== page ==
To put it simply, the allegations against Judge Kavanaugh aren’t particularly shocking to sexual violence researchers. In fact, they are very well explained by sociological and psychological research.
Nicole Bedera is a PhD Student in Sociology at the University of Michigan.
Ahrens, Courtney E., Giannina Cabral, and Samantha Abeling. 2009. “Healing or Hurtful: Sexual Assault Survivors’ Interpretations of Social Reactions from Support Providers.” Psychology of Women Quarterly 33(1): 81-94.
Armstrong, Elizabeth, Laura Hamilton, and Brian Sweeney. 2006. “Sexual Assault on Campus: A Multilevel, Integrative Approach to Party Rape.” Social Problems 52: 483-499.
Campbell, Rebecca. 2005. “What Really Happened? A Validation Study of Rape Survivors’ Help-Seeking Experiences with the Legal and Medical Systems.” Violence & Victims 20(1): 55-68.
Diefendorf, Sarah. 2015. “After the Wedding Night: Sexual Abstinence and Masculinities Over the Life Course.” Gender & Society 29(5): 647-669.
Diefendorf, Sarah. 2018. “Kavanaugh’s ‘Good Guy’ Defense Reveals a Dangerous Rape Myth.” Huffington Post September 26.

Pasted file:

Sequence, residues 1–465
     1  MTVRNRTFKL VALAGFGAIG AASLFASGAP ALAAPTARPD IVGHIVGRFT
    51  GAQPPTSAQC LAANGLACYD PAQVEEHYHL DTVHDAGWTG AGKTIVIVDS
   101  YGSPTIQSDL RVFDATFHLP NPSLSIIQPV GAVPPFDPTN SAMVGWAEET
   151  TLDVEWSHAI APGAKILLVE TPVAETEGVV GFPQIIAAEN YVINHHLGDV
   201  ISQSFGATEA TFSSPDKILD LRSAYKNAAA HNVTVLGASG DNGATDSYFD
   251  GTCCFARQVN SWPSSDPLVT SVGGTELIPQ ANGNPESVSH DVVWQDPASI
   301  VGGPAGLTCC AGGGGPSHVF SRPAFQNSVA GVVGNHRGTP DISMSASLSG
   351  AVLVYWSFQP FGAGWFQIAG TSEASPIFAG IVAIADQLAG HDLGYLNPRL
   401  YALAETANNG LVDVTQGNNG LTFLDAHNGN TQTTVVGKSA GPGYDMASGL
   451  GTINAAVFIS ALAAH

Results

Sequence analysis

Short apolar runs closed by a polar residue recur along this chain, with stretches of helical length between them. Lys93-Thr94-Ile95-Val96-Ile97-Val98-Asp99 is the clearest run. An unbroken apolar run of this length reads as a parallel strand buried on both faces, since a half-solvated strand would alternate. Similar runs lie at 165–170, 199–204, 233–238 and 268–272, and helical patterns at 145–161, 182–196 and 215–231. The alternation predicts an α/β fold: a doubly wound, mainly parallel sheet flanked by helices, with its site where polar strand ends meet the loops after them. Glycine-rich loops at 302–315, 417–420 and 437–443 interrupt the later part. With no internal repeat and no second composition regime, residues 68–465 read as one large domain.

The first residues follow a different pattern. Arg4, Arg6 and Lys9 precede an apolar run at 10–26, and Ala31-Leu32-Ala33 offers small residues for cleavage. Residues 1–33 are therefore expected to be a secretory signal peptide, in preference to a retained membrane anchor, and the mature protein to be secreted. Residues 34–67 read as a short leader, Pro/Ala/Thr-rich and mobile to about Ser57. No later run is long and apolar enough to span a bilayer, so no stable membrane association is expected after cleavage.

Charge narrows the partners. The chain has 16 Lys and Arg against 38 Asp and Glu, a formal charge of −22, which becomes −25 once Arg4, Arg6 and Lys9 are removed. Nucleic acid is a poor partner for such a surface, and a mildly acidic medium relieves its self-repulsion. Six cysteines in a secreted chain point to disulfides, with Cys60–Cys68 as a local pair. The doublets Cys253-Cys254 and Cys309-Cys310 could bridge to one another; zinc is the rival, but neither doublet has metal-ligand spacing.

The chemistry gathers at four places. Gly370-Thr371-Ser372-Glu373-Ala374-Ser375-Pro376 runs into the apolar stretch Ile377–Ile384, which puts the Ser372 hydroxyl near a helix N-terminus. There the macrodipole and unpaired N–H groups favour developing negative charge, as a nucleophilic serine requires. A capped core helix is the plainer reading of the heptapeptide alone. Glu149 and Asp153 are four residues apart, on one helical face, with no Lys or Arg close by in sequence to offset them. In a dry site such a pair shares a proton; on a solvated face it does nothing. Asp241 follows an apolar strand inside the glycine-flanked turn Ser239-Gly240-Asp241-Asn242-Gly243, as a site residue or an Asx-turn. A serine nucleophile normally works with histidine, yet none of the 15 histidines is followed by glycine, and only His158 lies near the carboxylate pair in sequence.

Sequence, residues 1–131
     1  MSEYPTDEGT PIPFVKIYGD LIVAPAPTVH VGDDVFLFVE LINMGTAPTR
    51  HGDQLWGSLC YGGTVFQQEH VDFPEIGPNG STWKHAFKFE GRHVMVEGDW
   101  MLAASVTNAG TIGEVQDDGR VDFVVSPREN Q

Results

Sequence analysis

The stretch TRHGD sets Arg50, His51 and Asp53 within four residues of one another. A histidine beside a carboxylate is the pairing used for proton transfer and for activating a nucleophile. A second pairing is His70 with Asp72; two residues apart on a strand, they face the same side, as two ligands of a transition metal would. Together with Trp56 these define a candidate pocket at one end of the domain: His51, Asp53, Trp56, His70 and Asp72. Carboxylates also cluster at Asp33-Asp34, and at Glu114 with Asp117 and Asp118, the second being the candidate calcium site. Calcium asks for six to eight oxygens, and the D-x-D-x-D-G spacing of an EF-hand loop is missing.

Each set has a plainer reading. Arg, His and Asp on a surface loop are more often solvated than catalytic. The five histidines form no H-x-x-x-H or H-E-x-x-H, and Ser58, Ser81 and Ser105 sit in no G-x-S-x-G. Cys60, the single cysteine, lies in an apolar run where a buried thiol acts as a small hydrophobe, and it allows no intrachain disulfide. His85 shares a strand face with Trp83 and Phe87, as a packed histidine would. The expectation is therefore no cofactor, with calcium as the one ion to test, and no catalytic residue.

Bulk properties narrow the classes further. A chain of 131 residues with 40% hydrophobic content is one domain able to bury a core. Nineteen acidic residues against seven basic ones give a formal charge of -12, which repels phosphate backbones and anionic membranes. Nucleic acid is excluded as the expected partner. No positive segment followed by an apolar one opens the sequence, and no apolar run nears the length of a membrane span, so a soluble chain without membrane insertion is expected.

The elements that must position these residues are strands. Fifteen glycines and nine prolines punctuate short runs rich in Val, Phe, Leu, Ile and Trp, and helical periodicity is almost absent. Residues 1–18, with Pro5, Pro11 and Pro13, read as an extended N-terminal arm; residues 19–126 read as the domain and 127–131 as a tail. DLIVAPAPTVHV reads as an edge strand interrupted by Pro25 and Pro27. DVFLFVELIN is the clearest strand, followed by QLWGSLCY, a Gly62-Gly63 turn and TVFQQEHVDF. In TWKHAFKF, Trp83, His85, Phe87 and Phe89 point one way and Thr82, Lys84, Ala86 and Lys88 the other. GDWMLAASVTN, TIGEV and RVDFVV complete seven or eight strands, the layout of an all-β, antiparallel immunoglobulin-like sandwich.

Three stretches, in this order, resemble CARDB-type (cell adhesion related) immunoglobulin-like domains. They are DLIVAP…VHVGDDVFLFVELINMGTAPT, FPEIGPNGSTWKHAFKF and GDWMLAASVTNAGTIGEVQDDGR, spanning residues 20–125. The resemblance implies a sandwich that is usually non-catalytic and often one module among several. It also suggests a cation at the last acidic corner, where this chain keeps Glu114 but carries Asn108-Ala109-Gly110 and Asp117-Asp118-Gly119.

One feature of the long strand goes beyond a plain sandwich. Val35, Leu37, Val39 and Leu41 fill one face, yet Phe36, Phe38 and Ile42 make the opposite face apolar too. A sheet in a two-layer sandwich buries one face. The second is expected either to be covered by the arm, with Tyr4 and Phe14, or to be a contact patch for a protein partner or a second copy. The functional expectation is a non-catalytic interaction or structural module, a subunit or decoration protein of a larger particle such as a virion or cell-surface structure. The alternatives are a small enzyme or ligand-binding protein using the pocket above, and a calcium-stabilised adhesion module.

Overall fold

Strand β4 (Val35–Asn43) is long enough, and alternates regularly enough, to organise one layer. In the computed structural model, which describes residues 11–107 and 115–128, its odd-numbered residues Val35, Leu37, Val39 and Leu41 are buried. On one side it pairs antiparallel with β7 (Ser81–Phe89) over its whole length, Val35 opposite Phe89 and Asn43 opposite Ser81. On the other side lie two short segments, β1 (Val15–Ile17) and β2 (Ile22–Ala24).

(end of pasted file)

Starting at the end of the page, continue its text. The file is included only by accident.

Diel, Charlotte, Jonas Rees, and Gerd Bohner. 2016. “Predicting Sexual Harassment from Hostile Sexism and Short-Term Mating Orientation: Relative Strength of Predictors Depends on Situational Priming of Power Versus Sex.”
Hlvaka, Heather. 2014. “Normalizing Sexual Violence: Young Women Account for Harassment and Abuse.” Gender & Society 28(3): 337-358.
Lisak, David, Lori Gardinier, Sarah C. Nicksa, and Ashley M. Cote. 2010. “False Allegations of Sexual Assault: An Analysis of Ten Years of Reported Cases.” Violence Against Women 16(2): 1318-1334.
Martin, Patricia Yancey. 2016. “The Rape Prone Culture of Academic Contexts: Fraternities and Athletics.” Gender & Society 30(1): 30-43.
Pascoe, C.J. 2005. “ ‘Dude, You’re a Fag’: Adolescent Masculinity and the Fag Discourse.” Sexualities 8(3): 329-346.
Quinn, Beth A. 2002. “Sexual Harassment and Masculinity: The Power of ‘Girl-Watching.’” Gender & Society 16(3): 386-402.
Smith, Carly Parnitzke, and Jennifer J. Freyd. 2013. “Dangerous Safe Havens: Institutional Betrayal Exacerbates Sexual Trauma.” Journal of Traumatic Stress 26(1).
Swartout, Kevin M., Mary P. Koss, Jacqueline W. White, Martie P. Thompson, Antonia Abbey, Alexandra L. Bellis. 2015. “Trajectory Analysis of the Campus Serial Rapist Assumption.” JAMA Pediatrics 169(12): 1148-1154.